Posted by Srinivas Krishnammorthy on 03/12/2012 - 04:26 PM
Appreciate your post Srinivas! Interesting, I was planning as one of my future posts to inquire as to how other coaches "get out of the way". So perhaps you've started us off-thanks.
Posted by Gail on 03/12/2012 - 05:57 PM
I consider the definition of advice on " opinion or recommendation offered as a guide to action, conduct, etc.: I shall act on your advice. 2.a communication, especially from a distance, containing information: Advice from abroad informs us that the government has fallen. Recent diplomatic advices have been ominous. 3. an official notification, especially one pertaining to a business agreement: an overdue advice." How could there be any question? Definitely!
Posted by Caron MacLane on 03/14/2012 - 12:49 AM
Thanks for weighing in, Caron
Posted by gail on 03/14/2012 - 11:02 AM
For me the bottom line is the relationship. Since the mid 70's, the model I've used has been one of partnership. Even when a coach has significant expertise, if they don't return the power to the client, the relationship changes to a more hierarchical/expert model and that's not coaching. It's consulting, mentoring, teaching, etc. Of course those models (hats) may be useful at times as we, our client's partner, share something from our expertise. What's important is how do we return the power and respect the client as the only real expert on his/her own life? Barbara Luther's coaching conversation today was a lovely example of how to do this with respect and grace. She gave a lot of information, but it never endangered the partnership.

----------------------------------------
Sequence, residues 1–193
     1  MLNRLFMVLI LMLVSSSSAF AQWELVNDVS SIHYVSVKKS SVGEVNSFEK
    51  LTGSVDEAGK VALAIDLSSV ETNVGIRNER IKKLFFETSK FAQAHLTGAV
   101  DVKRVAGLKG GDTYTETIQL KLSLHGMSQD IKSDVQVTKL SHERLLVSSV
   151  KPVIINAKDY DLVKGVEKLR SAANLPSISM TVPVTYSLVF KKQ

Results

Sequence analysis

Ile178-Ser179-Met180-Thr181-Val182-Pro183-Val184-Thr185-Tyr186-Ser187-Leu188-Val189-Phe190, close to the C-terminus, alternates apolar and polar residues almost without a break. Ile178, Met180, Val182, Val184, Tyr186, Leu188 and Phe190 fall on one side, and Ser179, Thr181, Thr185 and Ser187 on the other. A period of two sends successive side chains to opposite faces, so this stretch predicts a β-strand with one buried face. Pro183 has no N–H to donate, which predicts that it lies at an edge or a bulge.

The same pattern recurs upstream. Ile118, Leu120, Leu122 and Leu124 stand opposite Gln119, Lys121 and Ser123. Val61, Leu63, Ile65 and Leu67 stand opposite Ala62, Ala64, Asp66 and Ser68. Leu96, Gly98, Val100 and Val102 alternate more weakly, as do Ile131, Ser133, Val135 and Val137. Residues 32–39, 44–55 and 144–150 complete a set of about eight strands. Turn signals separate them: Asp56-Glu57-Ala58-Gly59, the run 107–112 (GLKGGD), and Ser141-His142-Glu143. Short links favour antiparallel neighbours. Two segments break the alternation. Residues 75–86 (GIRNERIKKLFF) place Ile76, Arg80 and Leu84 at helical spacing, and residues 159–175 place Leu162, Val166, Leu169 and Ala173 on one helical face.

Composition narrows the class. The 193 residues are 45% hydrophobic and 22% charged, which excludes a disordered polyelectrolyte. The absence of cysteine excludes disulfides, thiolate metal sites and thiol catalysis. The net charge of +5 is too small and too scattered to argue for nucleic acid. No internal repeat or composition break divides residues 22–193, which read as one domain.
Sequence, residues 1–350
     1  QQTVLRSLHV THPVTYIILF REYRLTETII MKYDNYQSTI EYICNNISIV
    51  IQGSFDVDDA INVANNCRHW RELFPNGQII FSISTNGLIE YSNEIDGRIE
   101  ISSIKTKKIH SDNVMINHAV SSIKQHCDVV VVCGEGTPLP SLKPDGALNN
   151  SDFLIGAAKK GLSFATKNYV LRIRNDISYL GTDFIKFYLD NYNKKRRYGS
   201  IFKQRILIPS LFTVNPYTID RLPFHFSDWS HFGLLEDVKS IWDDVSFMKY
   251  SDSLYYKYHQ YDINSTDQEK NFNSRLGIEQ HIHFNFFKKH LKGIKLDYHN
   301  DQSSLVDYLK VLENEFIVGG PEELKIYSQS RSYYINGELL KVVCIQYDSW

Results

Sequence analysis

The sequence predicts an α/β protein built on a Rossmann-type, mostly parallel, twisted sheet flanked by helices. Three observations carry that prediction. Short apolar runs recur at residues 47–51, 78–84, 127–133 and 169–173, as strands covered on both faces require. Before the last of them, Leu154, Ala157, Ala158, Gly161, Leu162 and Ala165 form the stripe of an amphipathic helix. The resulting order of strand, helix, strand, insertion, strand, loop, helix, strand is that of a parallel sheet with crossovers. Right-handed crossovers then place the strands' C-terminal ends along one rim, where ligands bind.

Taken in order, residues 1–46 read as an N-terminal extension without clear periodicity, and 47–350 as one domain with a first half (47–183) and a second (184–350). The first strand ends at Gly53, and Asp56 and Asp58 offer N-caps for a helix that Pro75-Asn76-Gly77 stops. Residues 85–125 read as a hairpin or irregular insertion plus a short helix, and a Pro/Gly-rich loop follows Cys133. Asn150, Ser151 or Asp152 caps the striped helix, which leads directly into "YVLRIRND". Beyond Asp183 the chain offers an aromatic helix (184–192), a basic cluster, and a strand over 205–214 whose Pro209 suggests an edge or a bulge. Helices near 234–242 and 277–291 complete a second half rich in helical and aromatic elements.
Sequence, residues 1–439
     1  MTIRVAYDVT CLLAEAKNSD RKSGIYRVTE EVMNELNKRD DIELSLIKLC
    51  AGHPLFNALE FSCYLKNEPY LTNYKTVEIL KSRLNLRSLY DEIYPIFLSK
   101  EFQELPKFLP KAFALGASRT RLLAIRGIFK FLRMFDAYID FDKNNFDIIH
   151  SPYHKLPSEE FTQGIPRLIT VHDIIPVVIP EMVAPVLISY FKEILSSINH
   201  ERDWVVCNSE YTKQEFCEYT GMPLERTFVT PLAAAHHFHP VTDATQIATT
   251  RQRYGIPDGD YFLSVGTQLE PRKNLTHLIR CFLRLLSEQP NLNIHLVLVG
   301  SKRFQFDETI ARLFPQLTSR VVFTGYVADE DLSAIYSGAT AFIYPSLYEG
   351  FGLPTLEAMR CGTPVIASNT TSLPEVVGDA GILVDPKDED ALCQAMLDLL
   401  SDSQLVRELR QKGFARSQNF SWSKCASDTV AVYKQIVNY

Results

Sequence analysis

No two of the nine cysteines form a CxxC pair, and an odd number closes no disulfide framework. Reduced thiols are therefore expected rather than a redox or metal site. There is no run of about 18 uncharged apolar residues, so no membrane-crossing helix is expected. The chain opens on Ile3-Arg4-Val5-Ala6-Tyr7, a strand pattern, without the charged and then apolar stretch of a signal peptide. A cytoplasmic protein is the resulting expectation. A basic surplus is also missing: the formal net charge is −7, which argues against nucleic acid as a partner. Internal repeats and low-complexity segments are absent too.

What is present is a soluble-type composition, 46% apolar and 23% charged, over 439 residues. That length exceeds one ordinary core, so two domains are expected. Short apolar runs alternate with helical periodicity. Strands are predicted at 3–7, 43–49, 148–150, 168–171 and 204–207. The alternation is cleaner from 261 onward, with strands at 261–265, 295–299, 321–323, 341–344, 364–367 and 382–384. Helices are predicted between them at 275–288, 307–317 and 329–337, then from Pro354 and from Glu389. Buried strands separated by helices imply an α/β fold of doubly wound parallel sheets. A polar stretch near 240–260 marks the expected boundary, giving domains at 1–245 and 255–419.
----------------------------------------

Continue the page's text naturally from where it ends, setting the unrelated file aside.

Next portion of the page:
Posted by Bobbie Burdett on 03/14/2012 - 09:11 PM
Beautifully said, thank you Bobbie!
Posted by gail on 03/15/2012 - 03:19 PM
This comment was written on my FB biz page by Deah Curry. Wanted it to be included here as well & Deah said that would be fine. She had a follow-up which you can read on FB and if you feel inspired please "like" my page while you're there! "I've wondered about the emphasis on not advising in coaching, as the evoking and supporting approach seem squarely in line with a therapeutic dynamic. Plus, clients seem to prefer paying for concrete knowledgeable guidance, more than for powerful questions and discussion of options and resources. Hard and fast rules aren't as useful, IMHO, as doing what is best for each client to help them achieve their goals. A blend of both seems wise."
Posted by gail for Deah Curry on 03/24/2012 - 01:45 PM